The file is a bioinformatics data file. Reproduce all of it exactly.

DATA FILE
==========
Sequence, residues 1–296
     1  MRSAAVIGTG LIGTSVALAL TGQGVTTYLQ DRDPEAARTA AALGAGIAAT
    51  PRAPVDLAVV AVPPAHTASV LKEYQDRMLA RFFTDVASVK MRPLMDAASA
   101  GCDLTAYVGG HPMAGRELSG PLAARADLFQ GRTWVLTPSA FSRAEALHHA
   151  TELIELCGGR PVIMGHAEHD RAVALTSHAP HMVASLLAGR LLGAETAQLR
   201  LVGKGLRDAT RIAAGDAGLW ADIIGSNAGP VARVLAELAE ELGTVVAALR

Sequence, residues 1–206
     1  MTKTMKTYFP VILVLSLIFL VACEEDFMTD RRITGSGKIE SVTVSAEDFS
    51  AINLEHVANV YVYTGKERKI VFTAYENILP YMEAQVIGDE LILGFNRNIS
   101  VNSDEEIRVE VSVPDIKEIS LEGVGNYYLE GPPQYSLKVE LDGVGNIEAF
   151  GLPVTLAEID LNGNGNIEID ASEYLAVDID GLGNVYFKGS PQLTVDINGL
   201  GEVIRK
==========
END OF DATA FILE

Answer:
Sequence, residues 1–296
     1  MRSAAVIGTG LIGTSVALAL TGQGVTTYLQ DRDPEAARTA AALGAGIAAT
    51  PRAPVDLAVV AVPPAHTASV LKEYQDRMLA RFFTDVASVK MRPLMDAASA
   101  GCDLTAYVGG HPMAGRELSG PLAARADLFQ GRTWVLTPSA FSRAEALHHA
   151  TELIELCGGR PVIMGHAEHD RAVALTSHAP HMVASLLAGR LLGAETAQLR
   201  LVGKGLRDAT RIAAGDAGLW ADIIGSNAGP VARVLAELAE ELGTVVAALR

Sequence, residues 1–206
     1  MTKTMKTYFP VILVLSLIFL VACEEDFMTD RRITGSGKIE SVTVSAEDFS
    51  AINLEHVANV YVYTGKERKI VFTAYENILP YMEAQVIGDE LILGFNRNIS
   101  VNSDEEIRVE VSVPDIKEIS LEGVGNYYLE GPPQYSLKVE LDGVGNIEAF
   151  GLPVTLAEID LNGNGNIEID ASEYLAVDID GLGNVYFKGS PQLTVDINGL
   201  GEVIRK